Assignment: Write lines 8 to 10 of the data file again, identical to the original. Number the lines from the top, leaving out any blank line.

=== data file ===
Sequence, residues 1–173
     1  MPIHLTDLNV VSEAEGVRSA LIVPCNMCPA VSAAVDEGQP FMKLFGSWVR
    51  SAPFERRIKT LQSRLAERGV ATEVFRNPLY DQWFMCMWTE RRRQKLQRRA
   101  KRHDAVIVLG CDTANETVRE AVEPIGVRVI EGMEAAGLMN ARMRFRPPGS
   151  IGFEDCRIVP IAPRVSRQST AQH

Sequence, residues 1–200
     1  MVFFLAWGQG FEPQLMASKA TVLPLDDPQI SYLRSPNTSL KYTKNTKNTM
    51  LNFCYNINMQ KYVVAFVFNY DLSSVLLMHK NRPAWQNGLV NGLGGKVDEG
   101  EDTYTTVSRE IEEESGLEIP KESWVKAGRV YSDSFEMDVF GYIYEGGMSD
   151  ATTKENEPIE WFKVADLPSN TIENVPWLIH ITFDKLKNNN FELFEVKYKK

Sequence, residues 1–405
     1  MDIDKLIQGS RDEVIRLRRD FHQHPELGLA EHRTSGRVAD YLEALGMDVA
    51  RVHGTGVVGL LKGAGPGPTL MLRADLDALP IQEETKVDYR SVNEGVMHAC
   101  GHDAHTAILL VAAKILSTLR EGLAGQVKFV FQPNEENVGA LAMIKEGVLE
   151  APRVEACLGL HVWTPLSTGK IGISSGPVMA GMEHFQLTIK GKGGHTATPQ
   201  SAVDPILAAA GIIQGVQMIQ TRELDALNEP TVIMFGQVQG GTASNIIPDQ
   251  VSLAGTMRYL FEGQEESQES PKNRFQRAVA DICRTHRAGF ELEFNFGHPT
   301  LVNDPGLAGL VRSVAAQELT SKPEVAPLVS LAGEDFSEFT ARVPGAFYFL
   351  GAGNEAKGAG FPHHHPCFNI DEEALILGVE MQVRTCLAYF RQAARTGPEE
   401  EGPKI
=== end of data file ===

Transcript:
    51  LNFCYNINMQ KYVVAFVFNY DLSSVLLMHK NRPAWQNGLV NGLGGKVDEG
   101  EDTYTTVSRE IEEESGLEIP KESWVKAGRV YSDSFEMDVF GYIYEGGMSD
   151  ATTKENEPIE WFKVADLPSN TIENVPWLIH ITFDKLKNNN FELFEVKYKK